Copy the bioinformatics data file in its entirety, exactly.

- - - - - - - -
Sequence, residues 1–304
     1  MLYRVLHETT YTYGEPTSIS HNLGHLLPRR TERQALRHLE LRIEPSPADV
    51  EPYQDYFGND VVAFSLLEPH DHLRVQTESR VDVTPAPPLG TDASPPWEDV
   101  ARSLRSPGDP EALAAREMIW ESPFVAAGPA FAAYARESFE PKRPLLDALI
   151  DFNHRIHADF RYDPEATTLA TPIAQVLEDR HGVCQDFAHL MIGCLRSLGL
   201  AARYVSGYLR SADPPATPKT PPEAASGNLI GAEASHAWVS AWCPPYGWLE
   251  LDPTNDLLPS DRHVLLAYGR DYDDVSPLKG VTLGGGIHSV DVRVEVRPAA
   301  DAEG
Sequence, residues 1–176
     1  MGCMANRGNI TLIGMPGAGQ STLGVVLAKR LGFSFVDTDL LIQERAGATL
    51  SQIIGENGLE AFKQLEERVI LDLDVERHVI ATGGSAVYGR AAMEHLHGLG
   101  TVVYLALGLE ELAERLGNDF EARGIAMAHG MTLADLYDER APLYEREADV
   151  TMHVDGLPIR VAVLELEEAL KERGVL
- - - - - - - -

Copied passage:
Sequence, residues 1–304
     1  MLYRVLHETT YTYGEPTSIS HNLGHLLPRR TERQALRHLE LRIEPSPADV
    51  EPYQDYFGND VVAFSLLEPH DHLRVQTESR VDVTPAPPLG TDASPPWEDV
   101  ARSLRSPGDP EALAAREMIW ESPFVAAGPA FAAYARESFE PKRPLLDALI
   151  DFNHRIHADF RYDPEATTLA TPIAQVLEDR HGVCQDFAHL MIGCLRSLGL
   201  AARYVSGYLR SADPPATPKT PPEAASGNLI GAEASHAWVS AWCPPYGWLE
   251  LDPTNDLLPS DRHVLLAYGR DYDDVSPLKG VTLGGGIHSV DVRVEVRPAA
   301  DAEG
Sequence, residues 1–176
     1  MGCMANRGNI TLIGMPGAGQ STLGVVLAKR LGFSFVDTDL LIQERAGATL
    51  SQIIGENGLE AFKQLEERVI LDLDVERHVI ATGGSAVYGR AAMEHLHGLG
   101  TVVYLALGLE ELAERLGNDF EARGIAMAHG MTLADLYDER APLYEREADV
   151  TMHVDGLPIR VAVLELEEAL KERGVL